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Monday, July 22, 2024 | Back issues
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Supreme Court Potpourri: A Look at Cases Coming Next Fall

The Supreme Court added nine new cases Friday to the calendar it will tackle after summer hiatus. Here is a look at what's on tap.

CVS Pharmacy v. John Doe

In 2018, a group of HIV-positive individuals filed a federal discrimination lawsuit after the pharmacy chain CVS enrolled them in a prescription benefit plan that limits the ways in which they can get specialty medications, a class that includes prescriptions to treat HIV and AIDs, at “in-network” prices.

Whereas before the patients could use their full insurance benefits while obtaining their HIV/AIDS medication from any in-network pharmacy, including from pharmacies that were not at a CVS retail location, the change to the Caremark California Specialty Pharmacy program meant that they could only accept medication through mail delivery or by going to a CVS pharmacy.

They say neither option works since mail delivery leaves their medication exposed to the elements, including heat or theft, while pick-up at a CVS affords little privacy.

The plaintiffs sought an exemption from the insurance plan's delivery conditions by arguing that they have disproportionate effects on members with HIV or AIDS.

CVS petitioned the Supreme Court for a writ of certiorari after the Ninth Circuit held that plaintiffs stated a claim for disability discrimination under the federal heath care law.

On Monday, the justices agreed to decide whether section 504 of the Rehabilitation Act, which prohibits disability discrimination by recipients of federal funding, provides a cause of action for plaintiff's discrimination through disparate impact

CVS is represented by Lisa S. Blatt at Williams & Connolly. The anonymous patients are represented by Consumer Watchdog attonrey Gerald Sinclair Flanagan.

Jane Cummings v. Premier Rehab Keller PLLC, by SAMANTHA HAWKINS

The justices have agreed to decide whether compensatory damages available under federal civil rights law include compensation for emotional distress. 

The case arose when Jane Cummings, who has been deaf and blind since birth, consulted a physical therapy provider for her chronic back pain and was denied a sign-language interpreter. Cummings sought damages for the “humiliation, frustration and emotional distress” from the ordeal, but the U.S. Court of Appeals for the Fifth Circuit affirmed dismissal of her case, saying such damages are available only for a “serious emotional disturbance.”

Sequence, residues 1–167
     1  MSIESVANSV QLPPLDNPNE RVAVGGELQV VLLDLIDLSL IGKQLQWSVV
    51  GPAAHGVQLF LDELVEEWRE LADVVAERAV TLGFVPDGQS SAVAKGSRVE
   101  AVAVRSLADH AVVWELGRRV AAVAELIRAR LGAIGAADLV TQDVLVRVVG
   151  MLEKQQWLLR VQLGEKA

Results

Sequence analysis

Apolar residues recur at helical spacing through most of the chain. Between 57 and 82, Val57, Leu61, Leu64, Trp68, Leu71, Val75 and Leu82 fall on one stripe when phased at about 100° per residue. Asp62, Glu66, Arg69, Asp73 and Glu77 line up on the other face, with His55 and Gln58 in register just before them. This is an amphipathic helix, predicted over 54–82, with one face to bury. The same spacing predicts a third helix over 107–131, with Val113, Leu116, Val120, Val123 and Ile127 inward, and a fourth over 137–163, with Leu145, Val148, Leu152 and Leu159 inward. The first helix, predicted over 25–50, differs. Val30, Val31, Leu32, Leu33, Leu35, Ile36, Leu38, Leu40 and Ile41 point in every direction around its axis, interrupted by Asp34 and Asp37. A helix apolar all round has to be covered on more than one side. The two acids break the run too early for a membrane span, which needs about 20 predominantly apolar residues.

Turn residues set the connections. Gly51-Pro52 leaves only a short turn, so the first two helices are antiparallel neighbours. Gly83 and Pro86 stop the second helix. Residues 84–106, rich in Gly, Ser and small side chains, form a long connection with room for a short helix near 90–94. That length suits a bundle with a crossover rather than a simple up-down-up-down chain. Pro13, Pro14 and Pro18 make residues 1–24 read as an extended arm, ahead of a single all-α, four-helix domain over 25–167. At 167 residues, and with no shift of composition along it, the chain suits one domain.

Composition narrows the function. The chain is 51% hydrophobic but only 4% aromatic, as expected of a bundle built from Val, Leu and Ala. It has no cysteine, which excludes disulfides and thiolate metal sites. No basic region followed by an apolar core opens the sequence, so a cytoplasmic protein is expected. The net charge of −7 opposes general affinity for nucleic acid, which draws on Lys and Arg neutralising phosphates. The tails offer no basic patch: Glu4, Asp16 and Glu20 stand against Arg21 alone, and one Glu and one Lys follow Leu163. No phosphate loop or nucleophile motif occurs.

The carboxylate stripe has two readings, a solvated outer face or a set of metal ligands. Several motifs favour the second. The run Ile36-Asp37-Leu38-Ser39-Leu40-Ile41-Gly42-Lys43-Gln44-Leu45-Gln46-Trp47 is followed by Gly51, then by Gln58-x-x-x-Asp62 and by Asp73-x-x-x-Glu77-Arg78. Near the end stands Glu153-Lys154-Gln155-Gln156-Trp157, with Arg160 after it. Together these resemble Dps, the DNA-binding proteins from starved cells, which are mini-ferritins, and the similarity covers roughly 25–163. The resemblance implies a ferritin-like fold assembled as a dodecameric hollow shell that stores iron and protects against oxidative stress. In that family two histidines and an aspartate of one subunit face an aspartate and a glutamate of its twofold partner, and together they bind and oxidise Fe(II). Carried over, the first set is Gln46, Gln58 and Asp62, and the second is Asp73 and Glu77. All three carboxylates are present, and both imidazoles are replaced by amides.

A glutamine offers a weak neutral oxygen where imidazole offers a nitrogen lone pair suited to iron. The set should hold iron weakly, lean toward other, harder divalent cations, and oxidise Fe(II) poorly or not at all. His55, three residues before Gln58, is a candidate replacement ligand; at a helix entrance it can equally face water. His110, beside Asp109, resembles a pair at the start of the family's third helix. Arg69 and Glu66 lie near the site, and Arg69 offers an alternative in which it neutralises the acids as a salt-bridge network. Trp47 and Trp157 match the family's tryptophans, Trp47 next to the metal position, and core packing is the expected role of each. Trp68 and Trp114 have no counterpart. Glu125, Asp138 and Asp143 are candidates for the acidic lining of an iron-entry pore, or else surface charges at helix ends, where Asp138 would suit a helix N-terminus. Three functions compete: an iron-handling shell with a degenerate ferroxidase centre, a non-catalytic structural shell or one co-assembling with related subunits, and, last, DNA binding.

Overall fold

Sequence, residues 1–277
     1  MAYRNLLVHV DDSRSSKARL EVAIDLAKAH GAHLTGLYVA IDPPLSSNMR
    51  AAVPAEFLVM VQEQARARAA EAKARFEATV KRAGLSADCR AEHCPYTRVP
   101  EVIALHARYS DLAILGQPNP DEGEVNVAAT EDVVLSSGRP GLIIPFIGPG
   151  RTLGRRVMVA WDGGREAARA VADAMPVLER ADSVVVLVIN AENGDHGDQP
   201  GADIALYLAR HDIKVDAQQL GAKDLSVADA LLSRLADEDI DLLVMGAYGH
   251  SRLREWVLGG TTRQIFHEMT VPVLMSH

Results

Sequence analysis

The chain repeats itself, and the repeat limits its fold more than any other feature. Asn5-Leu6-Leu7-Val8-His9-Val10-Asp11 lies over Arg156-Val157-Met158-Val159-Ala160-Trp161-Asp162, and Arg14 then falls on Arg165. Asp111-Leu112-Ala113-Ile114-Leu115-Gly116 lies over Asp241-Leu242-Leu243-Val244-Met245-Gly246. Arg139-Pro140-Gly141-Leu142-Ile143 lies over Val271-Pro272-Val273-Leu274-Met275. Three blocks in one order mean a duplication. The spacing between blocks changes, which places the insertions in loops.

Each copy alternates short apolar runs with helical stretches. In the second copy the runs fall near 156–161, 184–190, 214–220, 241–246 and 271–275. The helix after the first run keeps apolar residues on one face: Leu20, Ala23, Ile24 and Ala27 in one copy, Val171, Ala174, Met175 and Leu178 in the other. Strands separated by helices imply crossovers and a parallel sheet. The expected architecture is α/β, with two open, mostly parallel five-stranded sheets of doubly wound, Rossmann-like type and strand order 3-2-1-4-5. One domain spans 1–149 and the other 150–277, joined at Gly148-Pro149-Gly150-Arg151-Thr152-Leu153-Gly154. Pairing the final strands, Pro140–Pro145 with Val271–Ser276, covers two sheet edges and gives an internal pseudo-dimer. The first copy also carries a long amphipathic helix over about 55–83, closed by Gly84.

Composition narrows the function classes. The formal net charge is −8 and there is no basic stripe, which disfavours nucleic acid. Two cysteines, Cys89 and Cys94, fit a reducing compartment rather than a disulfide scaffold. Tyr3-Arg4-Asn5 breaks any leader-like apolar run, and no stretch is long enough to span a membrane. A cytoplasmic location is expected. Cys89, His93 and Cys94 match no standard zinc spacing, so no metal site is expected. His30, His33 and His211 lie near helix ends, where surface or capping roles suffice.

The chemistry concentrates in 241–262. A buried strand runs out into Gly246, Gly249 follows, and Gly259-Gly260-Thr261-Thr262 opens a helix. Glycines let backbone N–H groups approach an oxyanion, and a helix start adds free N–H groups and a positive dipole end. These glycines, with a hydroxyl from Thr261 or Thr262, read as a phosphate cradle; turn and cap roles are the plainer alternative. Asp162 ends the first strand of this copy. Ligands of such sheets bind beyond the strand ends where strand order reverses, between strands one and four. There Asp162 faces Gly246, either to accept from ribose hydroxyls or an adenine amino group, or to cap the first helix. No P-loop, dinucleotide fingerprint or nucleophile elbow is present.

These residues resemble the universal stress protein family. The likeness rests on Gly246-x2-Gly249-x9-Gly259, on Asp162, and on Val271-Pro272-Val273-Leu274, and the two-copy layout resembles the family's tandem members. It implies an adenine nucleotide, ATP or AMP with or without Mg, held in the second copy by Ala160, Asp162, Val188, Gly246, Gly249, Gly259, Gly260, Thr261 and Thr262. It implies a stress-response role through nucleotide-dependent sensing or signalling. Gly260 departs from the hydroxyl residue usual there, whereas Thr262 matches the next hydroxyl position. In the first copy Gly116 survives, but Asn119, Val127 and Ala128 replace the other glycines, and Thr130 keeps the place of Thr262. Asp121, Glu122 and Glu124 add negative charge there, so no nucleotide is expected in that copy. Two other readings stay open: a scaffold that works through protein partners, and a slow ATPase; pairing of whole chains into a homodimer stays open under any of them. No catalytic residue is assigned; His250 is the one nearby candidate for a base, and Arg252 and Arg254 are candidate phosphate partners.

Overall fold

“In doing so, the Fifth Circuit adopted a rule that would deny compensation for one of discrimination’s principal harms — and that would leave many victims… with no meaningful remedy at all,” Cummings argued in a petition for a writ of certiorari

The petition notes that other courts around the country have held that emotional distress damages are generally recoverable, creating a split in understanding about the relief available under Title VI. 

“The meaning of those vital antidiscrimination laws should not depend on the happenstance of geography,” the petition states. “But since the Fifth Circuit’s decision, it does.”

Andrew Rozynski of Eisenberg & Baum is representing Cummings, while Brian Scott Bradley of Watson, Carway, Midkiff and Lungingham is representing Premier Rehab Keller.

Gianinna Gallardo V. Simone Marstiller, by BRAD KUTNER

In November 2008, 13-year-old Gianinna Gallardo was left in a permanent vegetative state after she was hit by a truck while getting off her school bus in Florida.

Medicaid covered more than $862,000 in medical expenses after the crash, but state health authorities would later claim that Florida law entitled them to recover about $300,000 from the $800,000 settlement that the Gallardo family reached with the owner of the truck and the school board.

Attorneys at Creed & Gowdy and the Public Citizen Litigation Group aruged in a petition for a writ of certiorari that the 11th Circuit was wrong to allow such reimbursement as it conflicted with Florida Supreme Court precedent. Two years older, the state court "held exactly the opposite — that the Medicaid Act preempts the same Florida statute and limits the state to seeking reimbursement from settlement amounts attributable to past medical expense."


“In allowing Florida to recover its past expenditures from the amount Ms. Gallardo received for future medical expenses, the Eleventh Circuit acknowledged that its ruling squarely conflicted with the Florida Supreme Court,” the petition states.

“Unless and until this court resolves the conflict, the States and their legislatures cannot know what federal law requires of them,” it continues. “There is an urgent need for this Court’s guidance on the question presented.”

United States v. Justin Taylor, by KAILA PHILO

In August 2003, Justin Taylor and an accomplice shot and killed Martin Silvester while trying to rob him during a marijuana drug deal in Richmond, Virginia. Court records show that the accomplice brandished a 9-mm semiautomatic pistol, and that the weapon discharged when Silvester resisted.

Taylor was given a 30-year prison sentence after he pleaded guilty to a Hobbs Act robbery conspiracy charge and to using a firearm during a crime of violence. The U.S. government seeks a Supreme Court reversal now after the Fourth Circuit reversed, holding that the offense of attempted Hobbs Act robbery does not qualify as a “crime of violence.”